Complaints say that commerce officials helped PUD score a grant

  • By Dan Catchpole and Jerry Cornfield Herald Writers
  • Friday, October 2, 2015 9:24pm
  • Local NewsLocal news

OLYMPIA — A state ethics board is investigating several current and former Department of Commerce officials based on complaints filed this summer.

The complaints allege that they used their state positions to help the Snohomish County Public Utility District get a $7.3 million clean energy grant from the state. The PUD then spent the grant money on no-bid contracts with 1Energy Systems, a company that now employs two of the former commerce department officials under investigation.

The state Executive Ethics Board has not disclosed who filed the complaints.

The allegations came out of the PUD’s own ethics investigation earlier this year into its no-bid contracts with 1Energy Systems. The independent investigator found that PUD officials and 1Energy’s founder, Dave Kaplan, broke the district’s ethics policy by failing to take adequate steps to avoid the appearance of favoritism.

Kaplan is named in the complaints. He is a former consultant for the commerce department and a former PUD employee.

The complaints, filed in mid-July, also name former state Commerce Director Rogers Weed, former Deputy Director Daniel Malarkey and Michael Carr, who helped launch the state’s Clean Energy Fund while working at the department.

Carr is now an attorney with UniEnergy Technologies, a PUD subcontractor through 1Energy Systems.

Weed left the department in February 2013 and five months later joined 1Energy’s board of advisers. In April 2014, he joined the company as an employee.

“From my side, I had no involvement whatsoever in the Clean Energy Fund while in state service,” he said in an email to The Daily Herald. And “my duties at 1Energy do not involve any interaction with the Clean Energy Fund program.”

Malarkey was involved in setting up the grant program and helped put together the PUD’s grant application, which did not mention his involvement.

Nonetheless, Malarkey “took deliberate steps to understand the state’s ethics law and advisory materials to ensure that he complied with them” before leaving the commerce department for 1Energy in September 2013, Weed said.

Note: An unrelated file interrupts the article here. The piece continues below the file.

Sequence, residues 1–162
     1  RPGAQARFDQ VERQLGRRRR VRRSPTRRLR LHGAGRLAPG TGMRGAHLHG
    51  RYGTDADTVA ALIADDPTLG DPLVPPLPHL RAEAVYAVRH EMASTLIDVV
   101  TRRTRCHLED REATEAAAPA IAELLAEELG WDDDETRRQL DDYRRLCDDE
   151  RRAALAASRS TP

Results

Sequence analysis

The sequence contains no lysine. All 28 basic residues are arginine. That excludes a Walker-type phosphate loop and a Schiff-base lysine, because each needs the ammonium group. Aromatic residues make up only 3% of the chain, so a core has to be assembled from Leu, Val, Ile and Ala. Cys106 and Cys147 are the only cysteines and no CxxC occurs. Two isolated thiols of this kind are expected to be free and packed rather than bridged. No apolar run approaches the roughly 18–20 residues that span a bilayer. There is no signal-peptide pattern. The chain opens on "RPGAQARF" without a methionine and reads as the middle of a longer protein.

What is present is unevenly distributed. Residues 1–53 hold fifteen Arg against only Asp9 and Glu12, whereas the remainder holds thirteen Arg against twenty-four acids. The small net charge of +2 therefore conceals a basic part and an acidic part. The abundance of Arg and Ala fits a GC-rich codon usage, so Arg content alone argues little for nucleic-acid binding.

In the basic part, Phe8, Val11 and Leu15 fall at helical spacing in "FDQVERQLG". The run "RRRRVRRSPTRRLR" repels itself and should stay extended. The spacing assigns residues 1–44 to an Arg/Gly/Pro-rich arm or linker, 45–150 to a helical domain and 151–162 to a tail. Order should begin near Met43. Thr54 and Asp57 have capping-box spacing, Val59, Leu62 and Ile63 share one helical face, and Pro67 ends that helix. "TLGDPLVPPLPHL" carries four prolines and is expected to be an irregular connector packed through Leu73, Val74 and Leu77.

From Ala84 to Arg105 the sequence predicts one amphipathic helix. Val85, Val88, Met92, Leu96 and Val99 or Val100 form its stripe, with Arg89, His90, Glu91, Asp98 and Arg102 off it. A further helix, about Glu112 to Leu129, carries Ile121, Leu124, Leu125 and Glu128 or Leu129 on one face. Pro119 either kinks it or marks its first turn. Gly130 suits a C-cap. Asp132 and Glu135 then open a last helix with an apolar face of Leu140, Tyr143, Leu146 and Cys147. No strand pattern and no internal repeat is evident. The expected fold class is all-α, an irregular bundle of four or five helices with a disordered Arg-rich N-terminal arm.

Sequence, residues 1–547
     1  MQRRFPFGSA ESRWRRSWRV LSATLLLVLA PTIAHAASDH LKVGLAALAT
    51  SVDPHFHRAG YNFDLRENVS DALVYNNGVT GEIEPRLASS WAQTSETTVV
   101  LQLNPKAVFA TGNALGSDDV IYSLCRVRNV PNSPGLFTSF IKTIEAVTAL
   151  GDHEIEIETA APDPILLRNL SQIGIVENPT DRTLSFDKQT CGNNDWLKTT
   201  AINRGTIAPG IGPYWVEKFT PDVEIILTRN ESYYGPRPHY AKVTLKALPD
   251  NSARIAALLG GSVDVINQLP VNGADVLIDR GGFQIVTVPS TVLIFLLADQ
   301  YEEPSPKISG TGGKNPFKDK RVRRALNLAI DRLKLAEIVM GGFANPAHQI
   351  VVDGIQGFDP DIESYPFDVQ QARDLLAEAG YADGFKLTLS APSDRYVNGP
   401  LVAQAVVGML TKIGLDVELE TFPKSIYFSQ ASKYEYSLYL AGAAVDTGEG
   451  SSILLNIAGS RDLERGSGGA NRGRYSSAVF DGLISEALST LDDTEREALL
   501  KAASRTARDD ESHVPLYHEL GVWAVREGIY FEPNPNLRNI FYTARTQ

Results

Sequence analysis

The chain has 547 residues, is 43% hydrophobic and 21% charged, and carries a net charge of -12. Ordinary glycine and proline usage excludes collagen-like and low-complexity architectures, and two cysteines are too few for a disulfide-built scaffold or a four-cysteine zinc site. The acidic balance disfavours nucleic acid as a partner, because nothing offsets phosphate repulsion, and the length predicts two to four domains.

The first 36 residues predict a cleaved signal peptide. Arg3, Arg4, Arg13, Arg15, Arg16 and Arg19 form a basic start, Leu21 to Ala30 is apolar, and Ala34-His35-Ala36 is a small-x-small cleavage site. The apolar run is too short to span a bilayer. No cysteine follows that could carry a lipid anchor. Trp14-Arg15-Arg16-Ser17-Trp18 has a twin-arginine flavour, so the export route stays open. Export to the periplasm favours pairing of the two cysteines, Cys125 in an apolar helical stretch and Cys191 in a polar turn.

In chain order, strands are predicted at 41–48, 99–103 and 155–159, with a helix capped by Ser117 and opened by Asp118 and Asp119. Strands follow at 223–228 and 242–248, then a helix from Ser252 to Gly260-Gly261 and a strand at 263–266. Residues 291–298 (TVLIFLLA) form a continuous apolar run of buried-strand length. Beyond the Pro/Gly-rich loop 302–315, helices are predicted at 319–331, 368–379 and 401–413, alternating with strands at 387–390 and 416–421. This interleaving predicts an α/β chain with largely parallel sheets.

Malarkey could not be reached for comment.

“He concluded that his proposed role at 1Energy was fully supported under state law because the contracts in question were not negotiated or administered for more than six months after he left Commerce, the contracts were not directly with 1Energy and he has no role at 1Energy in fulfilling the provisions of those contracts,” Weed said.

Complaints were also made against current Commerce Director Brian Bonlender and Assistant Director Tony Usibelli. Two other former department officials — an IT manager and a clean energy industry lead — were named as well.

Last May, Bonlender asked the Executive Ethics Board for an advisory opinion on the role of former employees and the PUD grant.

“We withdrew our request knowing there would be a full investigation,” said Nick Demerice, the commerce department’s assistant director for external relations. “It’s in their hands at this point.”

Demerice said they’ve provided the board’s investigator with “a great deal of information” including personnel files, email records and full forensic images of computer hard drives.

Bonlender ordered a variety of policy changes after questions surfaced about the role of former employees now working for 1Energy.

Contracts have been rewritten to require additional disclosure from contractors of any past state employees on their payroll.

Also, agency executives completed extra ethics training “above and beyond” what every state employee must complete, Demerice said.

“We’ve certainly beefed up our efforts so those people who are leaving the agency understand their responsibilities,” he said. “The onus to comply with the ethics law is on the individual leaving the department.”

Ethics investigations can take from six to 12 months, depending on the allegations’ complexity, available resources and the ethics board’s caseload, said Ruthann Bryant, an Executive Ethics Board official.

Dan Catchpole: 425-339-3454;; Twitter: @dcatchpole.

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